Re: Early Impact Of The Protecting Life In Global Health Assistance Policy In Kenya And Uganda

Dear Secretary Tillerson:

We are writing to share our initial research findings and recommendations on early implications of the US government’s ‘Protecting Life in Global Health Assistance’ policy [hereinafter ‘the policy’]. This research included interviews with representatives of 45 organizations in Kenya and Uganda that currently receive US global health funding, many of whom had planned to apply for renewals or new funds in the coming year. These organizations provide health services or conduct health advocacy and range from small community-based organizations to large nongovernmental organizations (NGOs) that work in many different countries. We have been in touch with USAID during this process and have incorporated information provided by USAID in an October 11, 2017 letter responding to our research queries.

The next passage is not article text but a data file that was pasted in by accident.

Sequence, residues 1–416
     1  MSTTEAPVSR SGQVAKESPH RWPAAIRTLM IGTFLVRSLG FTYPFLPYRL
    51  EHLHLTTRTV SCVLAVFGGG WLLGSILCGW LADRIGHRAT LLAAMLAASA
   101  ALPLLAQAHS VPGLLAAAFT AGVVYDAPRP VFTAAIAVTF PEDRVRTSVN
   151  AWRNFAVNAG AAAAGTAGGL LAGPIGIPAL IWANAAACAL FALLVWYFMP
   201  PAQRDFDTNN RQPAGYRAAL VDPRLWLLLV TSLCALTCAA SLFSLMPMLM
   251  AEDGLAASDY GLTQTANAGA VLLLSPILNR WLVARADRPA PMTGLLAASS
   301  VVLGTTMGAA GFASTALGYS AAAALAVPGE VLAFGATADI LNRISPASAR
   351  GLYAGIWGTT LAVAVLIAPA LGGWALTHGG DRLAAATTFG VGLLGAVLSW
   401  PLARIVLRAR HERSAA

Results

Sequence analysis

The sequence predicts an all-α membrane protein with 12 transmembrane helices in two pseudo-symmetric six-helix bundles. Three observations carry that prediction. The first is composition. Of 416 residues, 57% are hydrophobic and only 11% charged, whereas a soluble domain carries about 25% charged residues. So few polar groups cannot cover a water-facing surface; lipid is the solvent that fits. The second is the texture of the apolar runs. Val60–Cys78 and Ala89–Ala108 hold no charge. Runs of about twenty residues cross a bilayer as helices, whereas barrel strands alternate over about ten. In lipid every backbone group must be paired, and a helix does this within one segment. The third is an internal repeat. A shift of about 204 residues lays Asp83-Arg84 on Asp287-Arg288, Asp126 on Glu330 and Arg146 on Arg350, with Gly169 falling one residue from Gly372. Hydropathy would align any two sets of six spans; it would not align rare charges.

As you know, over many decades, the US government has made deep and long-term investments in Kenya and Uganda that have saved lives and contributed to important health gains. However, both countries still confront high incidence of HIV/AIDS and poor reproductive health indicators including high rates of preventable maternal deaths.

We have outlined our key findings below on how early impact of the policy is already beginning to undermine local health systems and health gains and have attached a detailed summary of our research for your consideration ahead of the six-month review of the policy scheduled for November.